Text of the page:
Write For Us

ESA's Mars Express finds possible supervolcano remnant


A perspective view of Ismenia Patera, an unusual and dynamic crater found on Mars. Photo by ESA/DLR/FU Berlin

By Brooks Hays, UPI

ESA's Mars Express has photographed a unique and mysterious geologic structure on the Martian surface.

Astronomers aren't sure of the crater's origins. The crater, dubbed Ismenia Patera, may have been created by a meteorite impact. It's also possible the imprint was left behind by an ancient supervolcano.

The layout and structural patterns seen in and around Ismenia Patera are different and more complex than the typical impact crater. Uneven lumps of rock are found scattered around the outer edge of the crater.

Scientists believe the rocky deposits are debris ejected by neighboring impacts. These miniature impacts have created their own system of gullies inside Ismenia Patera.

The crater's floor is dynamic, too, showing signs of movement. The floor is likely composed of a rocky, ice-rich glacier, with layers of ice built up over time.

The European Space Agency's Mars Express probe has been circling the Red Planet since 2003, providing high-resolution imagery of the planet's surface. The probe's images can help astronomers analyze unusual formations like Ismenia Patera.

For planetary scientists, the hardest -- and perhaps the most important -- part of interpreting geologic features is creating a timeline, a succession of events. Researchers want to determine what created the larger, overall structure, and then figure out what kinds of processes and subsequent events altered its appearance.

Ismenia Patera is a perfect example of the kind of dynamic features that challenge scientists. The crater was created by an origin event of sorts. But over time, it became altered, or textured, by separated events.

Even the simplest geologic features evolve, or change, after their formation.

So what created Ismenia Patera to begin with? Scientists only have theories.

One possibility is that a meteor left an imprint that was then filled in by flowing deposits of ice and rock. The deposits weigh down the crater floor, causing it to crack, yielding the uneven landscape still observable today.

The second possibility is that Ismenia Patera was a supervolcano that exploded violently and then collapsed.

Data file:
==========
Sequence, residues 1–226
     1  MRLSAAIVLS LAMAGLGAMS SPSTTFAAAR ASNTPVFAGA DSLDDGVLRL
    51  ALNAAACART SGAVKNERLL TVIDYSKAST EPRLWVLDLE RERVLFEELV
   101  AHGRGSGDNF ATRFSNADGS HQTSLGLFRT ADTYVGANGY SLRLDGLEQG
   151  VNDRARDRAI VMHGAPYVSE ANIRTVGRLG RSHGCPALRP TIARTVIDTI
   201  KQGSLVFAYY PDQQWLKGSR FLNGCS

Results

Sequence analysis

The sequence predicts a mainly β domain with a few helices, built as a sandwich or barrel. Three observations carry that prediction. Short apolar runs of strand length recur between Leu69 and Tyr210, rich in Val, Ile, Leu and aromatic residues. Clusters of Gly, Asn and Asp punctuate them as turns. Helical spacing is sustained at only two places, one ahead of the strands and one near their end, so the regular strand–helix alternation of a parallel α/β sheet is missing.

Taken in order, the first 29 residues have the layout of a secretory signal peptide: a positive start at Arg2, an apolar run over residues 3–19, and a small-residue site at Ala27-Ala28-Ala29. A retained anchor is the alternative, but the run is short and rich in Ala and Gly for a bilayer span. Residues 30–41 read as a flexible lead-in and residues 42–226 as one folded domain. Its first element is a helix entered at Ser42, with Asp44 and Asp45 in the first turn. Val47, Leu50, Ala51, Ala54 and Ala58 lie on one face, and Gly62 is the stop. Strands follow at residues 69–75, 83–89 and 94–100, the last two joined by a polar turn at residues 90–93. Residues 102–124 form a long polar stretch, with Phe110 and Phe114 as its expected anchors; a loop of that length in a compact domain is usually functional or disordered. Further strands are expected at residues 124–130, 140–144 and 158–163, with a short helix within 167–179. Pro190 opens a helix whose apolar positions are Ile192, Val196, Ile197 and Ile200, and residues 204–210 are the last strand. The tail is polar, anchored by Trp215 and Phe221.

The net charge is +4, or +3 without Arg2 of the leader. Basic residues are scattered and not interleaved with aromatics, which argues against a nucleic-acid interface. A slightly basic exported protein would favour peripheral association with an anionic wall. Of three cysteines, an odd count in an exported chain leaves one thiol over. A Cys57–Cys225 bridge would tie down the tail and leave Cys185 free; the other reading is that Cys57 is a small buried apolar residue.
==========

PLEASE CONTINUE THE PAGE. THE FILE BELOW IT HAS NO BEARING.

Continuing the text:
Planetary scientists aren't certain whether Mars hosted supervolcanos, volcanoes that produce massive, violent eruptions, but the Red Planet does feature large volcanic structures. Mars' Olympus Mons is the largest volcanic structure in the solar system.

To determine Ismenia Patera's origin story with certainty, researchers need more evidence than what ESA's Mars Express can provide, which is why both ESA and NASA are planning missions to Mars to study Mars' interior and subsurface.


Note: If you think this story need more information or correction, feel free to comment below your opinion and reaction.
Like & Follow to Stay Updated ...


AI,3,Amazon,1,Apple,5,Emoji,1,Facebook,17,Games,35,Google,7,Instagram,6,Science,205,Security,4,Social Media,24,Tech,242,Technology,1396,Tesla,5,Twitter,4,
Technology - U.S. Daily News: ESA's Mars Express finds possible supervolcano remnant
ESA's Mars Express finds possible supervolcano remnant
Technology - U.S. Daily News
Loaded All Posts Not found any posts VIEW ALL Read More Reply Cancel reply Delete By Home PAGES POSTS View All RECOMMENDED FOR YOU LABEL ARCHIVE SEARCH ALL POSTS Not found any post match with your request Back Home Sunday Monday Tuesday Wednesday Thursday Friday Saturday Sun Mon Tue Wed Thu Fri Sat January February March April May June July August September October November December Jan Feb Mar Apr May Jun Jul Aug Sep Oct Nov Dec just now 1 minute ago $$1$$ minutes ago 1 hour ago $$1$$ hours ago Yesterday $$1$$ days ago $$1$$ weeks ago more than 5 weeks ago Followers Follow THIS PREMIUM CONTENT IS LOCKED STEP 1: Share. STEP 2: Click the link you shared to unlock Copy All Code Select All Code All codes were copied to your clipboard Can not copy the codes / texts, please press [CTRL]+[C] (or CMD+C with Mac) to copy